Academic journal article Washington International Law Journal

Money for Nothing, Your Crises for Free?: A Comparative Analysis of Consumer Credit Policies in Post-1997 South Korea and Thailand

Academic journal article Washington International Law Journal

Money for Nothing, Your Crises for Free?: A Comparative Analysis of Consumer Credit Policies in Post-1997 South Korea and Thailand

Article excerpt

I. Introduction

Since the 1997-98 Asian financial crisis ("1997-98 Crisis"), South Korea1 and Thailand have witnessed a rapid growth of the credit card industry and increasing levels of bad debt as a result of such growth. South Korea, in particular, has become a nation of massive credit card defaulters. In 2003, nearly ten percent of the entire Korean population (approximately four million individuals) defaulted on their personal credit card debts or loans.2 Representative Lee Han-koo of South Korea's main opposition Grand National Party declared that one out of every 8.4 employed Koreans are credit defaulters,3 despite strong government efforts to curb the problem.4 In 2002-2003, Korean households held an average household debt of approximately 27,000 U.S. dollars ("USD").5 In 2006, Korea ranked second in credit card use (slightly behind Britain) with sixty-eight percent credit card use penetration, eighty-three million cards in circulation, and 3.6 trillion Korean won ("KRW") (USD 3.6 billion) in transaction volume.6 At the same time, new personal bankruptcy filings totaled 122,608 in 2006, nearly triple the previous year's total of 38,773 and a staggering ninety-fold increase from 2002, according to the Korean Supreme Court.7

Following the 1997-98 Crisis, the Korean government spurred consumer credit card use through two proposed solutions to boost domestic consumer spending.8 The first government initiative provided incentives for consumers to use credit cards, such as a twenty percent income tax deduction for those whose credit card expenditures totaled more than ten percent of his or her annual income.9 The second government initiative provided deregulatory incentives to consumer credit card issuing institutions, including the lifting of long-held restrictions against cash advances.10

Shortly after 1997-98, South Korea's economy experienced a decrease in consumer domestic spending. " Beginning in 1999, however, the government spurred consumer spending by promoting the use of credit cards. As a result, consumer spending behavior dramatically changed so that individuals spent money on credit in a far greater proportion than ever imagined by policymakers and credit-lending institutions. This ultimately led to binge credit spending in the form of credit repayment delinquencies and debtor defaults.1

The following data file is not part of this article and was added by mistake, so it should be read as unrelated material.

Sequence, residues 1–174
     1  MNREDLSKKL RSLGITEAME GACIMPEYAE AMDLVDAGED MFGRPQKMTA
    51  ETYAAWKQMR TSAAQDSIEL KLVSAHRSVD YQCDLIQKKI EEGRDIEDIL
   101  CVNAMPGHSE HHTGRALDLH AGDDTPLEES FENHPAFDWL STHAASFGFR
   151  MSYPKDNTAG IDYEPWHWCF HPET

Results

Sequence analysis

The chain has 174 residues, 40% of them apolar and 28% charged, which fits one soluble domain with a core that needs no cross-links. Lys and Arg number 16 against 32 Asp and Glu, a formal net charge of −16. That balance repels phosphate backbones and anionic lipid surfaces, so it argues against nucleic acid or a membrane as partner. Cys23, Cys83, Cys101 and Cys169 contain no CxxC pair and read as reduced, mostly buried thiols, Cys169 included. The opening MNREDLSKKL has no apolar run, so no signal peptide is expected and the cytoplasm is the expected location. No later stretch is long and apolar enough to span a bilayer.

Similarly, Thai policy makers have widely acknowledged the key role that personal consumption and the liberalization of retail credit played in reviving the Thai economy after the 1997-98 Crisis.13 Many have noted that Korea and Thailand share a broad pattern in that both are recovered economies driven in large part by domestic spending. Others have argued that the similarities between the two countries endorsing credit card spending as a main cure for the economy are limited in several respects.14 Nevertheless, Thailand witnessed rapid growth in its domestic credit card industry from 2001 to 2003, the same time period in which South Korea also witnessed rapid domestic credit card growth. The year 2002 alone saw a 119% increase in the number of credit cards in circulation.15 While growth has since slowed, the year-on-year number of cards in circulation climbed by fourteen percent in 2006 continuing a trend of annual double digit increases. 6

Following such developments, and despite tighter regulations from the Bank of Thailand ("BOT') to cope with such rapid growth,17 observers ranging from research bodies18 to Thai Prime Minister Thaksin Shinawatra, voiced concerns regarding the surge in credit card usage.19 In October 2005, the Thai Ministry of Finance ("MOF') unveiled an extremely controversial personal debt restructuring measure ("PDRM") that was widely reported in the press as targeting a fifty percent reduction of debt principal and a complete interest write-off (i.e., 100%)20 of qualified personal and credit card loans.21 As reported, the PDRM would have wiped out seven billion Thai baht (1THB") in debt principal and twenty billion THB in accrued interest22 (approximately USD 675 million for the total debt amount of THB twenty-seven billion). …

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